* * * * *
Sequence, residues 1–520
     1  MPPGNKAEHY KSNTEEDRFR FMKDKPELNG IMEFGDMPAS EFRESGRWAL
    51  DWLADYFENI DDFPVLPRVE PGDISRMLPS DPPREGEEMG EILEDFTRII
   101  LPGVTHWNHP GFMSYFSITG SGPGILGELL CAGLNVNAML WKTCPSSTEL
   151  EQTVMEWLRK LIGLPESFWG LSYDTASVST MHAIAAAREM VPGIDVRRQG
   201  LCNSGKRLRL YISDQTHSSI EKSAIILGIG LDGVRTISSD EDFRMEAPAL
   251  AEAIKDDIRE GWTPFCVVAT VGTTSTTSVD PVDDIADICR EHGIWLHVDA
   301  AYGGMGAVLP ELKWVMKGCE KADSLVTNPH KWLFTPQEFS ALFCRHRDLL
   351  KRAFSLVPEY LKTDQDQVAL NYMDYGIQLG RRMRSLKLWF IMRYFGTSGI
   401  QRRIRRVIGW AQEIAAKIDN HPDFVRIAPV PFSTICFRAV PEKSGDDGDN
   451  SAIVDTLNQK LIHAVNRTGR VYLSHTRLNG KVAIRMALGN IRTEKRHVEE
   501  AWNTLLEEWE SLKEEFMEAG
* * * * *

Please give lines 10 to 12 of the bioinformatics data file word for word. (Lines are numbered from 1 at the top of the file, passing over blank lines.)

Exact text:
   401  QRRIRRVIGW AQEIAAKIDN HPDFVRIAPV PFSTICFRAV PEKSGDDGDN
   451  SAIVDTLNQK LIHAVNRTGR VYLSHTRLNG KVAIRMALGN IRTEKRHVEE
   501  AWNTLLEEWE SLKEEFMEAG